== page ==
Fancy a hilarious, camp, kinky alternative musical this Xmas? “Dog Show” at the Pleasance Theatre is the answer…
This irreverent Canine Cabaret is engaging and terrific fun from its very first bark.
Featuring stand out performers from across the queer cabaret scene; We experience life from a dog’s perspective …in all its humour, pathos and longing.
The show moves at a cracking pace with slick dance routines, great songs and fantastic costumes (thanks to Kelli Des Jariais). The lighting and sound design transport us to each witty doggy vignette featuring excellent solo and ensemble performances.
This divine dog’s dinner of a show is devised, in the Weimar tradition, by the fabulous (Sink the Pink) Ginger Johnson and David Cummings who are stand out performers in the talented cast.
The Pleasance Theatre (6 mins walk from Caledonian tube, free on street parking) is a hidden treasure of a venue. As well as supporting individuals artist development, it has a great bar and restaurant with cabaret style seating (and service) in the theatre.
Highly recommended, and not just for dog lovers. Its a great night out.
Educational book publishers Pearson commissioned me to write a poem for Pride in Education – a filmed version of this poem, bring together students, teachers, practitioners, and representatives from the LGBTQIA+ community is now available on Youtube!
In partnership with Diva magazine, Queer Britain hosted an online event about the legendary women’s club, The Gateways, and the feature documentary being made about it. From the 1930s to the ‘80s, The Gateways was one of the most important cultural hotspots for lesbians and bisexual women. I was one of the panelists, along with DJ Ritu, and Lucie Warrington and Jacquie Lawrence, director and producer of the Gateways documentary.
How great it is to go to out the theatre again….the Southwark Playhouse, tucked away, behind the Elephant and Castle, buzzes with excitement. Its neon sign beams out a warm welcome to all.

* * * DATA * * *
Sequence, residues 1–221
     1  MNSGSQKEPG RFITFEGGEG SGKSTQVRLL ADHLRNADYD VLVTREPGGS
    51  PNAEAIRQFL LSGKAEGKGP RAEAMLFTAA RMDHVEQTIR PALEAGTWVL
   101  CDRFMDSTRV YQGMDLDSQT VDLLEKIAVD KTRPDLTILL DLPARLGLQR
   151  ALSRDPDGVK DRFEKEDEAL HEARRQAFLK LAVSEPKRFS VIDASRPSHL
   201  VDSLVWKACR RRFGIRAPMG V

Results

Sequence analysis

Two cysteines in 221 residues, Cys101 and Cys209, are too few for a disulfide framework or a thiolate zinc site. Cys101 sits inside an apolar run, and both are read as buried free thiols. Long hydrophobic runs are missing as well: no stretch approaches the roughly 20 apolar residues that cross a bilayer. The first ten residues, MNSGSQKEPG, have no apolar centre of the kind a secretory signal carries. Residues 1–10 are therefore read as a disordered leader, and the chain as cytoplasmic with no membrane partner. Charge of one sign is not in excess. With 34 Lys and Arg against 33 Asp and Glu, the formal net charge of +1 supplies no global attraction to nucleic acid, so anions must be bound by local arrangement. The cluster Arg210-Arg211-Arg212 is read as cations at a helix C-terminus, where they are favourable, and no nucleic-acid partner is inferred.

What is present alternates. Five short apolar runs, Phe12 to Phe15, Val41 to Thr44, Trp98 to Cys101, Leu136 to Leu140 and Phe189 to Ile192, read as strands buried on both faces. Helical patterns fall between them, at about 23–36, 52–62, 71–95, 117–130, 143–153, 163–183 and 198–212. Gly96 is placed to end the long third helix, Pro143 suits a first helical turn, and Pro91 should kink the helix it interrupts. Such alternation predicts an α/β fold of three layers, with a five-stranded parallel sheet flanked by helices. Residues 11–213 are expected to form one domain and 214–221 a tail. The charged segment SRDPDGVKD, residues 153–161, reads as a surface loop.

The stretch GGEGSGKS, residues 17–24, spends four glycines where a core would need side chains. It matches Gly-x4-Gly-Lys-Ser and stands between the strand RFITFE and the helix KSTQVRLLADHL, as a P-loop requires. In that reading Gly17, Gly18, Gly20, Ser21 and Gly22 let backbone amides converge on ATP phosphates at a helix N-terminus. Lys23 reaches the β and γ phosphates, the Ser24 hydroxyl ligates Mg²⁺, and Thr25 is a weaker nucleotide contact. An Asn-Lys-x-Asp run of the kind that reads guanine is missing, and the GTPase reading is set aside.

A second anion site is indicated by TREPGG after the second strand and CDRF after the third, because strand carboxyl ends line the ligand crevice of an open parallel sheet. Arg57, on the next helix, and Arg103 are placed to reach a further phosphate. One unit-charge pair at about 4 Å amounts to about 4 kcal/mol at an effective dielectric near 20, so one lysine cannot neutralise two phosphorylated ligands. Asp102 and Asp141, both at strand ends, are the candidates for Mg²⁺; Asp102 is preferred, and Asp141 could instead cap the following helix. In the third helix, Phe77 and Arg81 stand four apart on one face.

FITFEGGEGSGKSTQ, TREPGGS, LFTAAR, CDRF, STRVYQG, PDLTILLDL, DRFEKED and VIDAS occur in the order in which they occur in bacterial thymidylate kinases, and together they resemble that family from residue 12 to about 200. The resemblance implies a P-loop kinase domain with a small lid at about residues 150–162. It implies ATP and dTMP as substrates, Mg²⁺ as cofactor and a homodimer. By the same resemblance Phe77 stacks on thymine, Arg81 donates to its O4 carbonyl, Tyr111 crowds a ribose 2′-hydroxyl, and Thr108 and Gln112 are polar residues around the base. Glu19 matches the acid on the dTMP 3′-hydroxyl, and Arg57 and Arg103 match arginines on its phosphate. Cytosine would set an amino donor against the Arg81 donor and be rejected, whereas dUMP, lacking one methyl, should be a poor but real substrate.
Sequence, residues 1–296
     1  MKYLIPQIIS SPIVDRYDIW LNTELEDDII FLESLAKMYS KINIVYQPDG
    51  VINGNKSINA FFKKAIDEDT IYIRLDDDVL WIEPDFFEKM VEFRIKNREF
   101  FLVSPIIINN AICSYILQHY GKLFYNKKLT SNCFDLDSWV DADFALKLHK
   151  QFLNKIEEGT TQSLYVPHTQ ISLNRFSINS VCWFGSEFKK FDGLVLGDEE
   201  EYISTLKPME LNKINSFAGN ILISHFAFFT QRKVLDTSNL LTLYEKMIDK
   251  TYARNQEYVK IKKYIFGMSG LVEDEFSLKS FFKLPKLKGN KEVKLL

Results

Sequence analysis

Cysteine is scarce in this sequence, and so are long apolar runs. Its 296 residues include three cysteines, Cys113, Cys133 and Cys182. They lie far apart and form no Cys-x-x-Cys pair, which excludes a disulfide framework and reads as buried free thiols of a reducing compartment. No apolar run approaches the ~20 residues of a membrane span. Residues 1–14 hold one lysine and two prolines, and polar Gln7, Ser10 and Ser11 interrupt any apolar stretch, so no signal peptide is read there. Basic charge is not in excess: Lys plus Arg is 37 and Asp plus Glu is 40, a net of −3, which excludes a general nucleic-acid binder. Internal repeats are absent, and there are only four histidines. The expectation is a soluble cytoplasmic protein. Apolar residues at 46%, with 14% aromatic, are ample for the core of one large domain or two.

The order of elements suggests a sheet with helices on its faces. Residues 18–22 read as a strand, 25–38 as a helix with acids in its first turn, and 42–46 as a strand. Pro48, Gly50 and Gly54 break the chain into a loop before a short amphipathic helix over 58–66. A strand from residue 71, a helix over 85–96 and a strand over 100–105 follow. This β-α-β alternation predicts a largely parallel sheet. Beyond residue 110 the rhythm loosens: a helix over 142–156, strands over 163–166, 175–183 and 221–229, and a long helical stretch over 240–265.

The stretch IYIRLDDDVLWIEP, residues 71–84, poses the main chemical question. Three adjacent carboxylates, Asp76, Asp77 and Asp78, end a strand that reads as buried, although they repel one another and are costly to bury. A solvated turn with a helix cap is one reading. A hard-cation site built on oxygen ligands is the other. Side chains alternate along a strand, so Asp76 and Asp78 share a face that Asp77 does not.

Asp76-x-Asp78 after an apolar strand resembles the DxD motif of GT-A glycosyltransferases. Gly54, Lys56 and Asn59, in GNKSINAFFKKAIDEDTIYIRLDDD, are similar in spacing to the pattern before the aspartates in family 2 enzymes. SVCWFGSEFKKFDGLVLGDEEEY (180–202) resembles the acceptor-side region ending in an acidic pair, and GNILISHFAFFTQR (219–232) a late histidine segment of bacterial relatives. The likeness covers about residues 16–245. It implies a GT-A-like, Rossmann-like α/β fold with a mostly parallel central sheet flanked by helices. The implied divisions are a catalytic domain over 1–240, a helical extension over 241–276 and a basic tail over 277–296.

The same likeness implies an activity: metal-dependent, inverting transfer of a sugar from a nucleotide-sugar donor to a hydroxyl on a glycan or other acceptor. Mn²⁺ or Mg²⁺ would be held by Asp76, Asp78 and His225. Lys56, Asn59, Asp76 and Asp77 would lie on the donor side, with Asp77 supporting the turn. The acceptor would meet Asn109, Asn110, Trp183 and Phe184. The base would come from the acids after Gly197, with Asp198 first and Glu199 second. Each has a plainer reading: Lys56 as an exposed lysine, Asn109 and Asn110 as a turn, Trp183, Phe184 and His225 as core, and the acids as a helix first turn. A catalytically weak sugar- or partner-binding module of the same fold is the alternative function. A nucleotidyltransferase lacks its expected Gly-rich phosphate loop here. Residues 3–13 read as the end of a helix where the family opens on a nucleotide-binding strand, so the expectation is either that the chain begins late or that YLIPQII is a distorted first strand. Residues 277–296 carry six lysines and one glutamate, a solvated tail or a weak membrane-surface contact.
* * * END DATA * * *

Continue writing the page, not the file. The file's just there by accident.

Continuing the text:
This revival of Charles Dyers play, “The Staircase” (last performed by the RSC in 1966), explores the 20 year relationship between devoted, long suffering Harry ( Paul Rider) and waspish, egocentric Charlie (John Sackville). A relationship blighted by the fact that (until the Sexual offences Act of 1967) homosexuality was illegal.
The play is set in Harry’s barbers shop in which our couple work. They live above the shop with Harry’s arthritic mum.
As the audience enter the auditorium we are immediately transported back to the 60’s by Alex Marker’s crisp, authentic set and evocative music.
Both men are dealing with immediate personal problems: Harry is losing his hair (not a good look then, for a Barber) and Charlie is about to be prosecuted for sitting on a man’s knee in a pub. The lovers bicker and banter throughout the play, their camp repartee cruel but often amusing.
Director Tricia Thorns deftly draws out the underlying shame and stigma that homosexuals like Harry and Charlie experienced during this era and the impact it had on their relationships, Harry and Charlie’s being underpinned by bitterness, self-disgust and denial.
It felt strange to laugh out loud at the hilarious comments the couple exchanged, whilst feeling simultaneously saddened by the unfairness of their life experience. The (socially distanced) audience was totally immersed in this comedic tragedy. I chatted with some older men in the interval who had lived through similar experiences in their own lives. “The Staircase” is a salutary reminder of our recent history. Not to be missed!
The Staircase runs at the Southwark Playhouse until 17 July.
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